FIG. 1 shows a top plan view of the lower conducting track 1 of the antenna coil 7. While the lower track 1 has nearly three turns 3, the upper track 2—as becomes apparent from the top plan view of FIG. 2—has nearly four turns 3. The relatively high number of turns results in a high inductance, ultimately providing a sufficiently high induced voltage for activating the integrated circuit 6. The two tracks 1, 2 are wound in opposing directions.

FIG. 3 shows the complete identification element 8, formed the two conducting tracks 1, 2.

The inner end 5 a and the outer end 5 b of the lower track 1 and the outer end 5 b of the upper track 2 are of greater width than the balance of the tracks 1, 2. The two tracks 1, 2 are die-stamped from an aluminum foil.

In order to obtain the antenna coil 7, a dielectric layer 4 is arranged between the two tracks 1, 2. The two tracks 1, 2 are arranged in such relative position that they overlap essentially in selected areas 5 a, 5 b only. According to a preferred embodiment, the two tracks 1, 2 electrically interconnected in the overlap area 5 b of the outer turns 3. In the simplest case, bonding is performed by punching through the two tracks in the area of track overlap 5 b. Other bonding methods are equally applicable, however.

The dielectric layer 4 interposed between the two tracks 1, 2 is preferably a dielectric hot-melt adhesive. The dielectric layer 4 provides for electrical isolation of the two tracks 1, 2. On account of the offset positioning of the two tracks 1, 2, the main contribution of the capacitance is made by the areas of track overlap 5 a, while the contributions to the total capacitance made by the remaining overlap areas 10, in which the two tracks 1, 2 intersect, are negligibly small. With this configuration, the capacitance and hence the energy of the antenna coil 7 is concentrated at a point where it is needed, that is, in the immediate vicinity of the chip.

The integrated circuit 6, meaning the preferably non-encapsulated chip 6, is disposed between the inner end of the lower track 1 and the inner end of the upper track 2 in the immediate vicinity of the center line 11 of the antenna coil 7. Bonding is effected between the chip 6 and the tracks 1, 2.

To prevent a short circuit from occurring in the overlap areas 10 which would deactivate the antenna coil 7 and with it the identification element 8, provision is made for an additional dielectric foil 9 or some other additional dielectric layer at least in these particular areas 10.

FIG. 4 shows a cross section of the identification element 8 in the area of the integrated circuit 6. The integrated circuit 6 is provided with bumps 13 projecting from its undersurface 14.

A conducting track 1; 2; 1, 2 is applied to a substrate 12 fabricated, for example, from PVC or PET. As described in the foregoing, the conducting track 1, 2 is die-stamped preferably from an aluminum foil. A relatively thin layer of a contactbond substance 15, for example, an adhesive, is applied in the area of the integrated circuit 6 between the substrate 12 and the undersurface 14 of the integrated circuit 6. In addition to its customary bonding characteristics, this contact-bond substance 15 has also the property of experiencing a defined volume reduction during curing. The curing process can be accelerated by the supply of energy. As a result of the volume reduction of the contact-bond substance 15 an intimate and biased tensile force is obtained between the integrated circuit 6 and the substrate 12. This causes the projecting bumps 13 of the integrated circuit 6 to be pressed against conducting track 1, 2.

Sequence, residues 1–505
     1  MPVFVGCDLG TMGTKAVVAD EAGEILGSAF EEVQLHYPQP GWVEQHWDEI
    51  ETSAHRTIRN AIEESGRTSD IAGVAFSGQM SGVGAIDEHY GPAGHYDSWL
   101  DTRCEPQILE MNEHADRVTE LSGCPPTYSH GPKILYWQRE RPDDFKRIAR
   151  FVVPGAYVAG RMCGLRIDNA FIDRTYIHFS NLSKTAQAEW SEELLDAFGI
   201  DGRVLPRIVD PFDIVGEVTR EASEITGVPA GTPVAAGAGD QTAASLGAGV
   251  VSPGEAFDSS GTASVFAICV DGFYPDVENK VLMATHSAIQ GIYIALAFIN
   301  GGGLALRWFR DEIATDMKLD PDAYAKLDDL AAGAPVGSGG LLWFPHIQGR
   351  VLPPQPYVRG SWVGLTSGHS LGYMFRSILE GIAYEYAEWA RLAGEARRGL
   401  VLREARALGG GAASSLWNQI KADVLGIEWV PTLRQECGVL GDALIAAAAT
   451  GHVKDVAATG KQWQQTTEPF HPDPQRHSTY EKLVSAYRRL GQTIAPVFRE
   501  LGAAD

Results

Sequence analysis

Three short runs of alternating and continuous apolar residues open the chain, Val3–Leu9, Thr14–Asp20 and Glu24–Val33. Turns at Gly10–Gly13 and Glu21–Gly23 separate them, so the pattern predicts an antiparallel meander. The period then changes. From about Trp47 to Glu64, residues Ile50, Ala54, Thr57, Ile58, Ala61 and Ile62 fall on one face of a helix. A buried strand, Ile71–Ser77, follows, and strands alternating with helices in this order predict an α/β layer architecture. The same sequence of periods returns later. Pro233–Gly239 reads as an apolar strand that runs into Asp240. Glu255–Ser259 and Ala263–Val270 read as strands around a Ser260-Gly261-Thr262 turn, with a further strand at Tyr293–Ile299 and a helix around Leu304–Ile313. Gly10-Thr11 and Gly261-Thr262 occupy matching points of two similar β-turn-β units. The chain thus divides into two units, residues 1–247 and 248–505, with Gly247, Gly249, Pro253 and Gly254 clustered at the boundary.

The surface of the bumps 13 coming into contact with the conducting track 1, 2 is structured. On the ones hand, this breaks up any undesired layer which interferes with the electrical interconnection between the integrated circuit 6 and the conducting track 1, 2. On the other hand, the structuring of the contact surface of the bumps 13 provides for enhanced interlocking, hence improving the electrical connection at a low contact resistance in the contact area. According to the present invention a metal bond can be accomplished by means of a cold pressure weld.

The structure of the contact surface of the bumps 13 may vary widely. Aside from a crown structure the surface may also be of a wedge-shaped, conical or pyramidal configuration.

Patent Citations
Cited PatentFiling datePublication dateApplicantTitle
US5574470 *Oct 11, 1995Nov 12, 1996Palomar Technologies CorporationRadio frequency identification transponder apparatus and method
US6140146 *Aug 3, 1999Oct 31, 2000Intermec Ip Corp.Automated RFID transponder manufacturing on flexible tape substrates
DE4017217A1May 29, 1990Dec 19, 1991Texas Instruments DeutschlandElektronisches bauelement
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Referenced by
Citing PatentFiling datePublication dateApplicantTitle
US7250868 *Mar 8, 2005Jul 31, 2007A K Stamping Co. Inc.Manufacture of RFID tags and intermediate products therefor
US7755484Feb 12, 2004Jul 13, 2010Avery Dennison CorporationRFID tag and method of manufacturing the same
US8191230Apr 20, 2009Jun 5, 2012Avery Dennison CorporationMethod for making radio frequency (RF) antenna containing element
US8749390Dec 9, 2009Jun 10, 2014Eray InnovationRFID antenna circuit
US8786510Jan 24, 2006Jul 22, 2014Avery Dennison CorporationRadio frequency (RF) antenna containing element and methods of making the same
DE10311964A1 *Mar 18, 2003Oct 7, 2004Infineon Technologies AgA chip module with a chip carrier (1), conduction paths (2) on both sides of the chip carrier, an IC-chip with contact surfaces and provided with a bump (sic) and filler composition useful in Flip-Chip technology
WO2005089143A2 *Mar 8, 2005Sep 29, 2005A K Stamping Co IncManufacture of rfid tags and intermediate products therefor
Classifications
U.S. Classification343/867, 343/742, 340/505, 343/895
International ClassificationG01S13/76, H05K3/24, G06K19/077, H01L25/00, G01S13/79, G06K19/07, G01S13/75, H05K1/09
Cooperative ClassificationG06K19/07749, H05K3/244, H05K1/09, H01L2924/01046, H01L2224/16, H01L2924/01079
European ClassificationG06K19/077T
Legal Events
DateCodeEventDescription
Dec 16, 2013ASAssignment
Free format text: RELEASE BY SECURED PARTY;ASSIGNOR:WELLS FARGO BANK, NATIONAL ASSOCIATION;REEL/FRAME:031825/0545
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Owner name: CHECKPOINT SYSTEMS, INC., NEW JERSEY
Dec 12, 2013ASAssignment
Effective date: 20131211
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Owner name: BANK OF AMERICA, N.A., PENNSYLVANIA
Mar 11, 2013FPAYFee payment
Year of fee payment: 12
Aug 2, 2012ASAssignment
Owner name: WELLS FARGO BANK, NORTH CAROLINA
Effective date: 20120731
Free format text: SECURITY AGREEMENT;ASSIGNOR:CHECKPOINT SYSTEMS, INC.;REEL/FRAME:028714/0552
Jun 25, 2009FPAYFee payment
Year of fee payment: 8
Jun 27, 2005FPAYFee payment
Year of fee payment: 4